9. Why not make one of them one way East all the time and the other one way West all the time instead of switching things around a couple times a day. I mean we are talking about people that can’t figure out how to use a tun signal, you think they’ll be able to figure out what street goes which direction at what time??

  10. I actually agree that putting the time/effort into attacking the problem at its source is a better use than this, and that devoting a lane to buses (or building an Orange Line style track) would be a better answer. No matter how many freeways or one-ways or express streets there are, there will always be traffic & gridlock.

    However, the one-way street system was active in Dallas when I lived there in ’99 – ’00, and it seemed to work. And if they can make it work without major accidents every day, then I think L.A. drivers can. There are some stupid and crazy drivers here, but NOTHING compared with Dallas.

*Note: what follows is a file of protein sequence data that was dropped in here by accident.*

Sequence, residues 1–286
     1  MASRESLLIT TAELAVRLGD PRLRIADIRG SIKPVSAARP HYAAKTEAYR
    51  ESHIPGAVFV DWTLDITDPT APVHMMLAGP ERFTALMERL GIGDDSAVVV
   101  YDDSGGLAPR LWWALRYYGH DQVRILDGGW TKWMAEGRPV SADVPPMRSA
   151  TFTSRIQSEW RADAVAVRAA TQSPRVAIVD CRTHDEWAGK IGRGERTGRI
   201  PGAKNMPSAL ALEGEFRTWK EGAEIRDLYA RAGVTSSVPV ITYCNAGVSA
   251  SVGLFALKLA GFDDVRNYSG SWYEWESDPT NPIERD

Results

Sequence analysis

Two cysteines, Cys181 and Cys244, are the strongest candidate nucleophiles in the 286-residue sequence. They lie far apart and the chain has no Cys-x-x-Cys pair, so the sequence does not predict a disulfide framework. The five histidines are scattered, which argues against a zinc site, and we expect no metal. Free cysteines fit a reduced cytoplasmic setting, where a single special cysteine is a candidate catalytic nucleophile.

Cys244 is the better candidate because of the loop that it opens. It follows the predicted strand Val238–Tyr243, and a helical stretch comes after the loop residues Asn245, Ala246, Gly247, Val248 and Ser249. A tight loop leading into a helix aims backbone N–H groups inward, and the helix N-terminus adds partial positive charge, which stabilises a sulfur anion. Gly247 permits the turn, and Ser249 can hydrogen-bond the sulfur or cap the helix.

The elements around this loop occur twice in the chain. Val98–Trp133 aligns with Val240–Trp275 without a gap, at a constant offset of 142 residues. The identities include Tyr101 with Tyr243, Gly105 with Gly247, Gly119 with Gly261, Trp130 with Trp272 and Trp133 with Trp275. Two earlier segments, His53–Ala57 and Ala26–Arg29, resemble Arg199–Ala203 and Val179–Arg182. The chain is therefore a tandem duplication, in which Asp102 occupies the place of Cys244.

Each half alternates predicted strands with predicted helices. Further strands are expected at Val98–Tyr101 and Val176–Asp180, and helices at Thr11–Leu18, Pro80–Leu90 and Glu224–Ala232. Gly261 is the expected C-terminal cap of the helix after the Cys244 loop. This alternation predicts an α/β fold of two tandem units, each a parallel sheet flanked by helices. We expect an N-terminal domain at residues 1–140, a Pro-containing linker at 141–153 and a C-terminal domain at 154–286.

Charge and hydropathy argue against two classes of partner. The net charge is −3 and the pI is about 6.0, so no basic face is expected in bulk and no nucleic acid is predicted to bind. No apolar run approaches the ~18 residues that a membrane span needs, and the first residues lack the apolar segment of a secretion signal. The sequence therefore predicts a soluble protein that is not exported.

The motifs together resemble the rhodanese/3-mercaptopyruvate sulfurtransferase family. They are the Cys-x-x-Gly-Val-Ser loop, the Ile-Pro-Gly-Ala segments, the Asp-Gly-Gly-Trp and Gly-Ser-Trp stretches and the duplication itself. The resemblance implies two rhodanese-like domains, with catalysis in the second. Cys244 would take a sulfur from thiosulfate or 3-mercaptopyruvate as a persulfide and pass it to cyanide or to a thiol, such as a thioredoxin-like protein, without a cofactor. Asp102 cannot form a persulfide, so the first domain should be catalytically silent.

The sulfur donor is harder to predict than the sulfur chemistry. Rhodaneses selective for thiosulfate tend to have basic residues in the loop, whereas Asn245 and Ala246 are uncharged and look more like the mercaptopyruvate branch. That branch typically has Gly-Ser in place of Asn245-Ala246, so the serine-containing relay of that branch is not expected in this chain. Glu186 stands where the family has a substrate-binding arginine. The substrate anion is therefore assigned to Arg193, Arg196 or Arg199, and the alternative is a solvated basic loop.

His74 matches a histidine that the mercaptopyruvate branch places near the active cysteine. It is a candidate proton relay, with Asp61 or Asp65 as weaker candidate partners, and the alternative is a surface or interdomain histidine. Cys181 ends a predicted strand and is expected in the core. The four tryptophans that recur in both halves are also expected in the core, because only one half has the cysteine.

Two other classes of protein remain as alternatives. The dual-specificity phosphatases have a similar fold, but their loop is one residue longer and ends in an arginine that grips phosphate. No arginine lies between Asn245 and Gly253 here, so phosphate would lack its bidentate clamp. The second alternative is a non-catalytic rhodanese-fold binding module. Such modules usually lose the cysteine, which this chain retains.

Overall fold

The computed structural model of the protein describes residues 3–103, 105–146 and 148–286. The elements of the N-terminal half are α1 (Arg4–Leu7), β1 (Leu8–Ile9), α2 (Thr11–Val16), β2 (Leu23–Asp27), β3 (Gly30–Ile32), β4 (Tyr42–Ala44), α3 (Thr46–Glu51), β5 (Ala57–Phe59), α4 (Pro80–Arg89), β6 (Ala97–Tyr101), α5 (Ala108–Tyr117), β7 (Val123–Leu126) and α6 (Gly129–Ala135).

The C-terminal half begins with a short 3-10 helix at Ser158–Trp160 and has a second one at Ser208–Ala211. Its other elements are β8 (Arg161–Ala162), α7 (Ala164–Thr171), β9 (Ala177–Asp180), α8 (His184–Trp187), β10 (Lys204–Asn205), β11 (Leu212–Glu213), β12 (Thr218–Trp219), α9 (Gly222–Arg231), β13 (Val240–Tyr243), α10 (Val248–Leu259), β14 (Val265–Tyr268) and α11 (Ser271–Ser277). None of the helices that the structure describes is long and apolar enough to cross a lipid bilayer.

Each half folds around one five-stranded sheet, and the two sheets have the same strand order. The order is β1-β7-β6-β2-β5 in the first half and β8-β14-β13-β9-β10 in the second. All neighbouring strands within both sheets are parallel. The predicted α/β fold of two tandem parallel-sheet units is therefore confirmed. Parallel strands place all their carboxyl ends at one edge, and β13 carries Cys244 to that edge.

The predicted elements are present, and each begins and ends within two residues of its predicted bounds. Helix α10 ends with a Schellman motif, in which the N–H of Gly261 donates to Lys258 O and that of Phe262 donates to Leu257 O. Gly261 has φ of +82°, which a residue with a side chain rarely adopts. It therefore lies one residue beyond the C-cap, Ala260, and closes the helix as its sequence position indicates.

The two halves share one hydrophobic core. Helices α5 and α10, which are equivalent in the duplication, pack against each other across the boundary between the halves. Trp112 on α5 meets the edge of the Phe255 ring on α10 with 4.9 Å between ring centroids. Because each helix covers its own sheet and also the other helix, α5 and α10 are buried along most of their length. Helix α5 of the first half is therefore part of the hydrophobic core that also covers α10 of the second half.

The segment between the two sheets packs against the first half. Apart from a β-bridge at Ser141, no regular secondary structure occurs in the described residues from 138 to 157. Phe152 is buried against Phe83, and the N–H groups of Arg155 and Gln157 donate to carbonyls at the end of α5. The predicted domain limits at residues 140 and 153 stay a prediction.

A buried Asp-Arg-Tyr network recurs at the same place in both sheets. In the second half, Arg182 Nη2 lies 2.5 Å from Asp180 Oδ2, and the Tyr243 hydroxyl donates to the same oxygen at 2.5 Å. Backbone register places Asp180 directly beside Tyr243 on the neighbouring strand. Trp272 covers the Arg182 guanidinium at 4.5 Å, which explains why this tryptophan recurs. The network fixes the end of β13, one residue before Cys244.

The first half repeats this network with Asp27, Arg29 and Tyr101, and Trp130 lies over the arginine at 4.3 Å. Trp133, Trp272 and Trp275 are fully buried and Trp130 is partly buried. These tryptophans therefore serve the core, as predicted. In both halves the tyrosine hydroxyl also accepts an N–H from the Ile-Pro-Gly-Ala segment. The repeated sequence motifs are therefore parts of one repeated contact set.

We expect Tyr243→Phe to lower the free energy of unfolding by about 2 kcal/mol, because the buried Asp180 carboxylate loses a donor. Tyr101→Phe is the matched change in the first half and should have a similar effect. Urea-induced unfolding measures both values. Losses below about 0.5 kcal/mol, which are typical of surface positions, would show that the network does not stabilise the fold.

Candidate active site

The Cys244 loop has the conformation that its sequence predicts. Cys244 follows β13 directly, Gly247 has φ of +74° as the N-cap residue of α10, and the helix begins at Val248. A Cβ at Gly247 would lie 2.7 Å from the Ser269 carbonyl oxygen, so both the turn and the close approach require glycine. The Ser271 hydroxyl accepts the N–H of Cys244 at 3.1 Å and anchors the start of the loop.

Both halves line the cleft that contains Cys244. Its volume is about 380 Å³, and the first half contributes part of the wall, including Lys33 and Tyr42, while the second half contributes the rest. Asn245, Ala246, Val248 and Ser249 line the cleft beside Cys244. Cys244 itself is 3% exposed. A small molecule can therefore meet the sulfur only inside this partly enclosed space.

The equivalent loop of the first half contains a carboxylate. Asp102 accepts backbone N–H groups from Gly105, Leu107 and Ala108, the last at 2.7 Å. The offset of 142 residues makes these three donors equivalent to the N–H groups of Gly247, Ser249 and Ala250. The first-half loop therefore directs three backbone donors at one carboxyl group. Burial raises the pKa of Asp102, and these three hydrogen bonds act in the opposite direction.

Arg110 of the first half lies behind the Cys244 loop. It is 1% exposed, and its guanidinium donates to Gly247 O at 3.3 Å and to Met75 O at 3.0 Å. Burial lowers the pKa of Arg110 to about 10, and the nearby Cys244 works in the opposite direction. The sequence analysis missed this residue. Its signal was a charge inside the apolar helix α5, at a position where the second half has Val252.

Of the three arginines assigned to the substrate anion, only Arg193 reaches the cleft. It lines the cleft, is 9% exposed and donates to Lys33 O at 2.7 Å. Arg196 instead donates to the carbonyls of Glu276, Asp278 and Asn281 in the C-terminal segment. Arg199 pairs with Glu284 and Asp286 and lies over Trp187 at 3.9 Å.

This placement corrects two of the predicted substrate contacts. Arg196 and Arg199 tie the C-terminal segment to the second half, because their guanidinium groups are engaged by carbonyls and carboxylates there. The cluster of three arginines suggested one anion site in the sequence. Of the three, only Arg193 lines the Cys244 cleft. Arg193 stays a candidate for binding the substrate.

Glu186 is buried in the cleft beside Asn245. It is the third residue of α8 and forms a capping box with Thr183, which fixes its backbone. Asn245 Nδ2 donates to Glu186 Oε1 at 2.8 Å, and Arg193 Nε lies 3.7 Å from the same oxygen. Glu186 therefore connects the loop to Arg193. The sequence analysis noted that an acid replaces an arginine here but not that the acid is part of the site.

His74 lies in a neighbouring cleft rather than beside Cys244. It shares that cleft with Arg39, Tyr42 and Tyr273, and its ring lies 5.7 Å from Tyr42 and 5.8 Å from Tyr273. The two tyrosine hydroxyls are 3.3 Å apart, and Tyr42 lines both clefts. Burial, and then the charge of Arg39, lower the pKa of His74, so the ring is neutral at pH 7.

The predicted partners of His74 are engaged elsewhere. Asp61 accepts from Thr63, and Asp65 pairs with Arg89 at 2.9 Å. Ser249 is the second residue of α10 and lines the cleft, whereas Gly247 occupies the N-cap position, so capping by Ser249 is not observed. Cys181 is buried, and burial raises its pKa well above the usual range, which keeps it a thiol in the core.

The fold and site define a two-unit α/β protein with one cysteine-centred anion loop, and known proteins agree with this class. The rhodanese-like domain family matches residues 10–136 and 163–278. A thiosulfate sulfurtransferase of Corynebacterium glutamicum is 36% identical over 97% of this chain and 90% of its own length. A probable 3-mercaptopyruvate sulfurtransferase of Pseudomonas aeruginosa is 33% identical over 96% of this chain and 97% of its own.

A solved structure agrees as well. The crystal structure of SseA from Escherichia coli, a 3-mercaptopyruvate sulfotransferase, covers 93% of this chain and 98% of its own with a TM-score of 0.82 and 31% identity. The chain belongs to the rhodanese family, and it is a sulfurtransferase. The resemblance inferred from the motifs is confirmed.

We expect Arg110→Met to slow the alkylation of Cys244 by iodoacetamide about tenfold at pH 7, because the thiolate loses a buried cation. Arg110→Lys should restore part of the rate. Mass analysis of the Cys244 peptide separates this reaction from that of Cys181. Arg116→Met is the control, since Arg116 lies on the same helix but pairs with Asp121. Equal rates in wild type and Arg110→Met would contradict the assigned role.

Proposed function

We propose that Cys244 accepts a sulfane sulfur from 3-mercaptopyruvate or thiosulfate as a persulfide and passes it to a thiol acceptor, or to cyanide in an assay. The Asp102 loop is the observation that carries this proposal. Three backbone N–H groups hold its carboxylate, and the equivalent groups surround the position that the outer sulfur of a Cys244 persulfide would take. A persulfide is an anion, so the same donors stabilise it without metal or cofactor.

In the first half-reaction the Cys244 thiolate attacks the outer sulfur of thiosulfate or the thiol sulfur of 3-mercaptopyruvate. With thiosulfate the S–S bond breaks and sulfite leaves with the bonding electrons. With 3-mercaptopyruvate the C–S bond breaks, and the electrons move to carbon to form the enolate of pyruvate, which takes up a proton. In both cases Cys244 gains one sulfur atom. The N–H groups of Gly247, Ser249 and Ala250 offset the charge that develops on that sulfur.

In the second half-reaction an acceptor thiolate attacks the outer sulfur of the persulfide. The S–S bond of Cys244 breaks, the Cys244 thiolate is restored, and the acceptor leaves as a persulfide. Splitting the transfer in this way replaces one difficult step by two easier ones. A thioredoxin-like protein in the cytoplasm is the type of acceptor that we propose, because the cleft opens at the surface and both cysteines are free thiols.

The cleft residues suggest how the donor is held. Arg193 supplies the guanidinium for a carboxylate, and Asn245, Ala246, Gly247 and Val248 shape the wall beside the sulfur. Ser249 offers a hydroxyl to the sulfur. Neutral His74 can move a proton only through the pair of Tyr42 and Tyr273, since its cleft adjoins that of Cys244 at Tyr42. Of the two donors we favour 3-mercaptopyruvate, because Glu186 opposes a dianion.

11. What about the west to east traffic! 6 miles takes me over an hour every night! And as to one of the comments above about use of residential streets, just last night I watched MTA buses going through the back streets of Beverly Hills because everyone was at their usual complete standstill on Sunset. It’s out of control. Start a congestion charge You want or need to drive in and out of the Westside then you pay every day $5. It works in London why not here apart from the obvious lack of any useful public transportation system. I bet a lot more people would carpool or take the bus or redlines if they made you pay.

  12. Looks like I am going to have to cut-and-paste this statement.

    The Westside doesn’t have RAIL transit; it has a very well used and very frequent BUS system.

    Buses are public transportation, whether anyone likes that fact or not.

  13. I believe “useful” transportation system was specified…few of the route out there are easy to coordinate and use because many are supposed to be supplemented by Santa Monica or Culver City systems. it doesn’t always line up right.